16. This tome is the second in this new series, Single. This series format consists of a 4-view colour profile, scale plans, and photo details of a single variant; in this case the PZL P.11c. MMPBooks are distributed in North America by Casemate Publications. You won't find an introduction or background summary, as this series dives straight into the drawings, illustrations, and photographs. Artur Juszczak has illustrated over forty books for MMP. Some of these titles include the following: Boulton Paul Defiant (MMP Yellow 6117); Hurricane Ace Josef Frantisek: The True Story (MMP Blue 9); Henschel Hs 123 (MMP Orange 8114); and Fighters over France and Low Countries (MMP Red 4). read more View the full article
  17. If most of the OOB categories were eliminated, those categories could be changed to allow a broader range of entries. Dak
  18. Many thanks and congrats to the whole 'club', Mike! Having worked the four conventions here in Tidewater (aka 'Virginia Beach'), I really appreciate how you "guys" did an outstanding job. I also appreciated the opportunity to help the vendors Wednesday morning, it kept me busy and it was fun! Seeing a lot of old friends, meeting new ones and taking in a whole lot of great models really helped to recharge the creative 'juices'. And isn't that the whole point? I look forward to seeing you all again in 2025 (six year rule!) In the meantime, have a 'Naked River' Moonpie Stout for me! Regards, Robert Beach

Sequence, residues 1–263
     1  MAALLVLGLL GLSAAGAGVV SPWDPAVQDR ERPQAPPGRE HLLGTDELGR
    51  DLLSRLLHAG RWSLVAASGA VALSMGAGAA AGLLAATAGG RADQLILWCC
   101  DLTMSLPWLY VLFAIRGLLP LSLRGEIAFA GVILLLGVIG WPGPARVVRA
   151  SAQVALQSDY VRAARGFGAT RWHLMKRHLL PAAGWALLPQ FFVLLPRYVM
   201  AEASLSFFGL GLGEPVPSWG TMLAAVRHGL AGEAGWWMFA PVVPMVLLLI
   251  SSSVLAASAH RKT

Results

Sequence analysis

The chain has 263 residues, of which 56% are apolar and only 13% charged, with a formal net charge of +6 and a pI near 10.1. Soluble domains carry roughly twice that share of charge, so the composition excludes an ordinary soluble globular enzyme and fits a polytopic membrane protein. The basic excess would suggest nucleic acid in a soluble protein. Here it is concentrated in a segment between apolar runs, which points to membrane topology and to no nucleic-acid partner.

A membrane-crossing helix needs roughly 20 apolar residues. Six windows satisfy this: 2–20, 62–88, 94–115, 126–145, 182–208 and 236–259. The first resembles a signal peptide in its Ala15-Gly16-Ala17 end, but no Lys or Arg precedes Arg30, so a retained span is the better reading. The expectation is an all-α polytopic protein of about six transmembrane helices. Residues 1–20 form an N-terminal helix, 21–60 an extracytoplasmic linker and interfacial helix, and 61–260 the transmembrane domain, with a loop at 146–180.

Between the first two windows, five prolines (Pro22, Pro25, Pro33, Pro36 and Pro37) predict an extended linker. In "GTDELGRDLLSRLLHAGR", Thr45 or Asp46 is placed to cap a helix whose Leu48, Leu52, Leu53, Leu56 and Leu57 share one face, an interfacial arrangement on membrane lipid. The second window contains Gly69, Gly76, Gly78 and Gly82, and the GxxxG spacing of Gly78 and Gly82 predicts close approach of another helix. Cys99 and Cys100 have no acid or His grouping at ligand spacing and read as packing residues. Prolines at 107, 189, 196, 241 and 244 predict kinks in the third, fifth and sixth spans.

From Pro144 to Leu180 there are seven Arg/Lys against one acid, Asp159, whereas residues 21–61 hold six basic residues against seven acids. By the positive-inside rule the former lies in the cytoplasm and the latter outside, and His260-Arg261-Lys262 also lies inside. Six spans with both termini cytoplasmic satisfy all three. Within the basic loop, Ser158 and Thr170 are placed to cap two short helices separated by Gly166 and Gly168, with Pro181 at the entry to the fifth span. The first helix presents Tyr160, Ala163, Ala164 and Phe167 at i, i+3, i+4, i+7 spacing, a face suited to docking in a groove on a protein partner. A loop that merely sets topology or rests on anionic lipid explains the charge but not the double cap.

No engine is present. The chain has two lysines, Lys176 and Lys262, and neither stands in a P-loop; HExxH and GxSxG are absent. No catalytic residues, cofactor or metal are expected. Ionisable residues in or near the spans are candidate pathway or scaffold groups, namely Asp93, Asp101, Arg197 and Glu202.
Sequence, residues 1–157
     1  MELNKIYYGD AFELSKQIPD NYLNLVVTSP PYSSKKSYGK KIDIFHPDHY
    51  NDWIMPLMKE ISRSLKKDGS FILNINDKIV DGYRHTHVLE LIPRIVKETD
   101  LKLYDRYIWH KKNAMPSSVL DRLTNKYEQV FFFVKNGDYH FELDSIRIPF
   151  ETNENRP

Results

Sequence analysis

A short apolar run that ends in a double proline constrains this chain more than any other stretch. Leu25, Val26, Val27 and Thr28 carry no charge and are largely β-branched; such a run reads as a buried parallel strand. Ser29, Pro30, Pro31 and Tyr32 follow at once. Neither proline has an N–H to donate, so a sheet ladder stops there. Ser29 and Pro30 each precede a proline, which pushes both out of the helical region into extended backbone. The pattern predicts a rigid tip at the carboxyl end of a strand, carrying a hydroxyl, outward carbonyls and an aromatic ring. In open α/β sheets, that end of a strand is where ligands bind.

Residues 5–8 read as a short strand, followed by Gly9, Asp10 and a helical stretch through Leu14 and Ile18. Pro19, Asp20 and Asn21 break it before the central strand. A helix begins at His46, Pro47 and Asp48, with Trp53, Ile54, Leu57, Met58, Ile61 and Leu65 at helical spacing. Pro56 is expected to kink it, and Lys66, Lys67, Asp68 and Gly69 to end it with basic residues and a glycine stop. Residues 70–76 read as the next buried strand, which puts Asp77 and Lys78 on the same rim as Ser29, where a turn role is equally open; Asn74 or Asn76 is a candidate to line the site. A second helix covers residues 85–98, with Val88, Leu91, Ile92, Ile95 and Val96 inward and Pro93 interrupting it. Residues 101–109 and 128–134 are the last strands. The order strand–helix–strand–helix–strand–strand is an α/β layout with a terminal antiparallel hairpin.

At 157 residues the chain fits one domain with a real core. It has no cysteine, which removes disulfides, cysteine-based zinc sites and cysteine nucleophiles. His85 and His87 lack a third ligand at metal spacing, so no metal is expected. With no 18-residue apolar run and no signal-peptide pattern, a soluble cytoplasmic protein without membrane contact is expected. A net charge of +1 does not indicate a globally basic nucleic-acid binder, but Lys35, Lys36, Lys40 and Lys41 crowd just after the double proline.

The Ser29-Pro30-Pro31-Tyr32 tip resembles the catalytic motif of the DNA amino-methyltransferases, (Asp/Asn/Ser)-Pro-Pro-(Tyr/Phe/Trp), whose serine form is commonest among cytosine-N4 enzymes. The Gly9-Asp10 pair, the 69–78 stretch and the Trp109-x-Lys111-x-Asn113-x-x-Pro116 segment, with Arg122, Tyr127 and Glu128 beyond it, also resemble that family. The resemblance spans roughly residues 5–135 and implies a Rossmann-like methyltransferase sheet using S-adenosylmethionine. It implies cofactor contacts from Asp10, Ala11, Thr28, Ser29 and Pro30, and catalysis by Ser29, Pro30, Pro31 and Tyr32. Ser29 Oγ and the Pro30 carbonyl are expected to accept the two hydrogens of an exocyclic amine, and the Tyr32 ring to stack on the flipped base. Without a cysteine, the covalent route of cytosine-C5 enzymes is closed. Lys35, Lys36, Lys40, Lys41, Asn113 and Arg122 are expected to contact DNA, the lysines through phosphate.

19. “Yes” it is obsolete, at least in terms of the original objective. Modern kits make it downright silly. (An Eduard Profipack Kit is eligible, but the same Weekend addition kit, with the addition of just some of the same Eduard accessories is not! ). Most of the clubs around here have dropped it. Of the six contests held each year in this area, I can only think of one still holding on to OOB in any form. It seems to me that, at the Nationals level, anyways, the primary benefit today for all the OOB categories is to significantly increase the number of categories, and hence, awards given out. Taken to an extreme, how many people would bother to enter if we only had 5 aircraft categories to give the current out 1-2-3 awards in? ( I know this is a perfect segue to the GSB debate- but that topic has already been beaten to death elsewhere.) I’ve never been to a Nationals- I was a bit surprised to hear there are no Vignette categories there. All the local shows have them, and they seem to be popular. IMO, it is a great way to dip your toe into the Diorama pool. But adding vignettes categories would not be enough to replace all the OOB categories getting eliminated- you ‘d need other new ones to fill the gaps.